[svn.haxx.se] · SVN Dev · SVN Users · SVN Org · TSVN Dev · TSVN Users · Subclipse Dev · Subclipse Users · this month's index

RE: RE: RE: RE: RE: Re: Why have a trunk dir, anyway?!

From: Redman, Joel L <joel.redman_at_siemens.com>
Date: 2007-04-27 17:57:54 CEST

How can you keep track of what goes where? I assume that the features
from future release 1 have to be in future release 2?

Joel

-----Original Message-----
From: Irvine, Chuck R [EQ] [mailto:Chuck.R.Irvine@Embarq.com]
Sent: Friday, April 27, 2007 11:53 AM
To: Redman, Joel L
Cc: users@subversion.tigris.org
Subject: RE: RE: RE: RE: Re: Why have a trunk dir, anyway?!

> -----Original Message-----
> From: Redman, Joel L [mailto:joel.redman@siemens.com]
> Sent: Friday, April 27, 2007 10:48 AM
> To: Irvine, Chuck R [EQ]
> Cc: users@subversion.tigris.org
> Subject: RE: RE: RE: RE: Re: Why have a trunk dir, anyway?!
>
>
> IMHO, the trunk shows how your project has changed over time,
> release is snapshots which should never be modified
> thereafter, barring horrible horrible bugs, and branch is
> active changes, which may or may not be complete and ready to
> merge into trunk. That concept gets lost without a trunk.
> Conceptually Scheme 2 says that each release is equal and
> equally likely to be modified.

That is probably the crucial point. Like it or not (and I don't) where I
work there will often be multiple releases in development concurrently.
Two in active development and one in production is fairly common.

>
> Otherwise, your trunk is implicit, starting from ground 0 and
> following each line up. Depends on what you want to track I
> suppose, or at least where you want to track it.
>
>
> R4 tttttttttttttttttttttttt
> t
> t
> t
> R3 tttttttttt------------
> t
> t
> t
> R2-tttttttt--------------
>
>
> Joel
>
> -----Original Message-----
> From: Irvine, Chuck R [EQ] [mailto:Chuck.R.Irvine@Embarq.com]
> Sent: Friday, April 27, 2007 11:36 AM
> To: Chris.Fouts@qimonda.com; users@subversion.tigris.org
> Subject: RE: RE: RE: Re: Why have a trunk dir, anyway?!
>
>
> > I see no less work when merging changes between
> > RN and RN-1; hence to me it's at least no better,
> > it may even be worse since I'd have to
> > - Merge RN-1 branch(es) to RN-1 main
> > - Merge RN-1 main to RN main
> > - Merge RN main to RN branch(es)
>
> Don't understand. There isn't an RN-main and a RN-branch.
> There is only one branch for each of R1, R2, R3, etc.
>
> >
> > Like I said it does NOT matter what you call it, you still have a
> > trunk.
>
> There is nothing in the second scheme like trunk in the first
> scheme. Say, for illustration purposes, you always have three
> releases going concurrently. When the the oldest release is
> retired, a new one starts. So, the first three-release
> situation is as shown below.
>
>
> Scheme 1 (SVN Standard):
>
> Each release starts on the trunk and *moves* to a release
> branch when the next release started.
>
>
>
> R1
> /-----------------------
> /
> /
> / R2
> / /----------------
> / /
> / /
> / /
> R1 / R2 / R3
> Trunk--------/--------------------------------------------
>
>
> Scheme 2 (Homogenous Release Branches)
>
> Each release starts on a branch and *stays* on the branch
> until it is retired. Each new release RN branches off of RN-1
> (not the trunk).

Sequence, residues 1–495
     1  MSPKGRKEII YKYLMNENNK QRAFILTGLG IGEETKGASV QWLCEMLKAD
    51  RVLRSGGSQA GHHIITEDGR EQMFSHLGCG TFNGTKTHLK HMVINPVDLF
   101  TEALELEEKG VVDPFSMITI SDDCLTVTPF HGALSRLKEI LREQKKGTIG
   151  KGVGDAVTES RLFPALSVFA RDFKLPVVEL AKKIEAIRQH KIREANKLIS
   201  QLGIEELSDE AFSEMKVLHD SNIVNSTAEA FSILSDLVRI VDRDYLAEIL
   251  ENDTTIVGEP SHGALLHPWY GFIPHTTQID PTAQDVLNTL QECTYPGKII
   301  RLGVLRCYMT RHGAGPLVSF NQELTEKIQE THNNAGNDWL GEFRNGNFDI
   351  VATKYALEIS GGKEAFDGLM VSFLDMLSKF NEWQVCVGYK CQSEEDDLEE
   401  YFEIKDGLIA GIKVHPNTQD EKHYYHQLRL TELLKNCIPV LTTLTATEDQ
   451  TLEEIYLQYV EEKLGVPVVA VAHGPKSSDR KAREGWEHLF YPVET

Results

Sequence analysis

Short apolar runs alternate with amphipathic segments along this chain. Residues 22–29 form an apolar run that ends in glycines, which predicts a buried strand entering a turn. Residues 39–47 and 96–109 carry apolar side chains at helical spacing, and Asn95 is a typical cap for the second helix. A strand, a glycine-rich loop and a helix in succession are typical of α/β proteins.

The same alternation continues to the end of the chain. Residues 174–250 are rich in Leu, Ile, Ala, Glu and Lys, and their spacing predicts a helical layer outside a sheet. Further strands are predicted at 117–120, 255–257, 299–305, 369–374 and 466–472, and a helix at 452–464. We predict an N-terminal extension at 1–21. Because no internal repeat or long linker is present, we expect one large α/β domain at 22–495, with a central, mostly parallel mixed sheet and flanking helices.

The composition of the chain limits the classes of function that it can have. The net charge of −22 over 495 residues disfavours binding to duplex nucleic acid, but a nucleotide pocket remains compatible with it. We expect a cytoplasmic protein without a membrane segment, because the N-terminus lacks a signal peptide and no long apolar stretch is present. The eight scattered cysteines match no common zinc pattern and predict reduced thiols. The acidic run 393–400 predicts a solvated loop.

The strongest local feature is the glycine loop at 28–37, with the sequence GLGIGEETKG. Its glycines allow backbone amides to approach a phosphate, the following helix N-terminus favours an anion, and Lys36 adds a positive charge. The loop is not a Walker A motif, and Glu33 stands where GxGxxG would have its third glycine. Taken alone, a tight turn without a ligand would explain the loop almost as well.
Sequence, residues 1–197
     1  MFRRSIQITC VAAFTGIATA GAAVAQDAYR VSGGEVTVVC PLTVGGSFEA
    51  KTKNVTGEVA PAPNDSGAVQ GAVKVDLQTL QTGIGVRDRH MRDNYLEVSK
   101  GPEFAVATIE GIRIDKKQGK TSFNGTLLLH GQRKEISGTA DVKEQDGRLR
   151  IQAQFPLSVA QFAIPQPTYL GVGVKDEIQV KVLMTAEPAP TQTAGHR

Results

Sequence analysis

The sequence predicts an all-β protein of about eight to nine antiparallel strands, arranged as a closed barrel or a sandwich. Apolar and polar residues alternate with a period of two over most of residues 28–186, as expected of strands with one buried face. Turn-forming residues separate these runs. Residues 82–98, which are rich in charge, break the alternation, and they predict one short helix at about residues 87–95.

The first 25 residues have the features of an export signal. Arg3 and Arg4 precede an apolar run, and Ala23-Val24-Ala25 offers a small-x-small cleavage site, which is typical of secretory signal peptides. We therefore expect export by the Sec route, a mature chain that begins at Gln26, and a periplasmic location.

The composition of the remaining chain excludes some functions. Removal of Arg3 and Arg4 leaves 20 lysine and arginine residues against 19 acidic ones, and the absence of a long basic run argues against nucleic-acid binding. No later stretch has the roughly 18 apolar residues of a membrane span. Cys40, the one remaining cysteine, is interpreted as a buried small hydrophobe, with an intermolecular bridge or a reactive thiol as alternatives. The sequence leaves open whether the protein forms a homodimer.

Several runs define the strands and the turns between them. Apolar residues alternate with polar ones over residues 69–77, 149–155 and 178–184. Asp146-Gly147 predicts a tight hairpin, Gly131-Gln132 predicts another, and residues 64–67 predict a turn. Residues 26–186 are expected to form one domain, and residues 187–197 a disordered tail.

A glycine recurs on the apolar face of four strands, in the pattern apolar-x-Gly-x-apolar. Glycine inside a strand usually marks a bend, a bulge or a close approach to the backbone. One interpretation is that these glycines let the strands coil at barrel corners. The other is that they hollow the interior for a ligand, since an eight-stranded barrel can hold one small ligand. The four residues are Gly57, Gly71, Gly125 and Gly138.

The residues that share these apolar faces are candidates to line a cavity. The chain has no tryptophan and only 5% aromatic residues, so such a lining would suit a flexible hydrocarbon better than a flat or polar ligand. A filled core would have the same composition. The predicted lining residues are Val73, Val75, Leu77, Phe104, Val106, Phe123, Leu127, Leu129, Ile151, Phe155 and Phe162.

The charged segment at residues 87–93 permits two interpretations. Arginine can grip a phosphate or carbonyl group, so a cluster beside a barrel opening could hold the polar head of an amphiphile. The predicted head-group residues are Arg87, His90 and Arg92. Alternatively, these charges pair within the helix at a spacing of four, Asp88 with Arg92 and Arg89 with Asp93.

>
>
>
> R3 /----------------------
> /
> /
> /
> R2 /---------------------
> /
> /
> /
> R1-----------------------
>
>
>
> Now say that you retire R1 and start R4. The new situation looks like:
>
>
> R2
> /----------------
> /
> / R3
> / /------------------
> / /
> / /
> R2 / R3 / R4
> Trunk----------------------------------------------------
>
> The R1 release branch was retired (and deleted from the
> repository). R3 was moved to a release branch. R4 now lives
> on the trunk.
>
>
> Scheme 2 (Homogenous Release Branches)
>
> Each release starts on a branch and *stays* on the branch
> until it is retired. Each new release RN branches off of RN-1.
>
>
>
> R4 /----------------------
> /
> /
> /
> R3 /---------------------
> /
> /
> /
> R2-----------------------
>
> The original R1 branch was deleted from the repository. R3
> stays on its original branch. R4 starts (and will stay until
> retirement) on a branch taken from R3 (and not from the trunk).
>
> The point is, for the 1st scheme, all releases start the trunk and
> *move* to a release branch. The trunk exists for the life of
> the application. In the second scheme, each release stays on
> it's original branch until the release is retired. And, there
> is no *trunk* branch
> (dir) that lives for the life of the application.
>
> If anyone is still with me at this point, my purpose isn't
> really to say that the second scheme is *better*. I was just
> trying to see if anyone could see any problems with using it.
> So far, we've done quite a bit of experimentation and can see
> no problems. But... Being new to SVN, there are lots of folks
> that have more insight than us.
>
> Thanks!
>
> Chuck
>
>
> ---------------------------------------------------------------------
> To unsubscribe, e-mail: users-unsubscribe@subversion.tigris.org
> For additional commands, e-mail: users-help@subversion.tigris.org
>
>
>

---------------------------------------------------------------------
To unsubscribe, e-mail: users-unsubscribe@subversion.tigris.org
For additional commands, e-mail: users-help@subversion.tigris.org

---------------------------------------------------------------------
To unsubscribe, e-mail: users-unsubscribe@subversion.tigris.org
For additional commands, e-mail: users-help@subversion.tigris.org
Received on Fri Apr 27 17:58:32 2007

This is an archived mail posted to the Subversion Users mailing list.